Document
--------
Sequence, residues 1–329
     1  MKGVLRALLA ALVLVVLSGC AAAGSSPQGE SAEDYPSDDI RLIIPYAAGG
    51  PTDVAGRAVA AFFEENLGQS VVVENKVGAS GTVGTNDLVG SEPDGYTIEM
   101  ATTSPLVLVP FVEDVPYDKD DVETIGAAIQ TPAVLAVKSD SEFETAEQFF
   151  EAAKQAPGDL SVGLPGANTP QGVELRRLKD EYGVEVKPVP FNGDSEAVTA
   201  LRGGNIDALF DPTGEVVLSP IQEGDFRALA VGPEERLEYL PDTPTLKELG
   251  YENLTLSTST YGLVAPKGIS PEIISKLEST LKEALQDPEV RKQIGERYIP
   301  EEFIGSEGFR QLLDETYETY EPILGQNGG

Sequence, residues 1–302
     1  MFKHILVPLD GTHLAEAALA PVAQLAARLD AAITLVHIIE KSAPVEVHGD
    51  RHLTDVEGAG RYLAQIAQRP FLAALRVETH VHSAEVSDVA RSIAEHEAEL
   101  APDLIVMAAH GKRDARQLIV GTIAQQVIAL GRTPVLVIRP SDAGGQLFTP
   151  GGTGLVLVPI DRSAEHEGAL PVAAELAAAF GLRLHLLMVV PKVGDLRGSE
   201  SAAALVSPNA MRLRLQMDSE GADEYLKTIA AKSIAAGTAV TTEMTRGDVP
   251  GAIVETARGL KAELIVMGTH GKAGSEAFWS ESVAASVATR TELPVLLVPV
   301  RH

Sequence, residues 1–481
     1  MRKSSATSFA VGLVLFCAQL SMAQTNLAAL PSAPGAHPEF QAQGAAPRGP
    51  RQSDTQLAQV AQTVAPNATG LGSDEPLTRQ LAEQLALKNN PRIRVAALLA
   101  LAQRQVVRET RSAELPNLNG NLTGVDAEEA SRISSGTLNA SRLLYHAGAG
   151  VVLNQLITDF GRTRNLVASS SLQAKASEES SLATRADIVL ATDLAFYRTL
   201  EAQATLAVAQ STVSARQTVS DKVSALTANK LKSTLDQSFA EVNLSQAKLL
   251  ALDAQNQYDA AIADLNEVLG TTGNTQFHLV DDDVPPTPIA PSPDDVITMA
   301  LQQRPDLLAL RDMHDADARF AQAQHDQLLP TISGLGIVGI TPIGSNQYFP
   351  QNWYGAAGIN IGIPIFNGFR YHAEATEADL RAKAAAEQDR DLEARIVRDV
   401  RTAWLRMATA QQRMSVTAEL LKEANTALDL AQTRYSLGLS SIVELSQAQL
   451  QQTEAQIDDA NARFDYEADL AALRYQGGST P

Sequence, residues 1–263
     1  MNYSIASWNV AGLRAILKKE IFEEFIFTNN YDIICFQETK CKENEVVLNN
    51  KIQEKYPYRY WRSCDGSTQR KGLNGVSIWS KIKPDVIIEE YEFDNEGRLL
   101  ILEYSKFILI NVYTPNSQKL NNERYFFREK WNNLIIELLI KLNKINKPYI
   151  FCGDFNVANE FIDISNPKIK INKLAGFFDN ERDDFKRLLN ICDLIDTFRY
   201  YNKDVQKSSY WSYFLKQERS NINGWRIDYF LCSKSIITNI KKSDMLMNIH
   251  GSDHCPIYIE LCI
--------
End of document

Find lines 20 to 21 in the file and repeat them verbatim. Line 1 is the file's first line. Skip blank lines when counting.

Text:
   101  LAQRQVVRET RSAELPNLNG NLTGVDAEEA SRISSGTLNA SRLLYHAGAG
   151  VVLNQLITDF GRTRNLVASS SLQAKASEES SLATRADIVL ATDLAFYRTL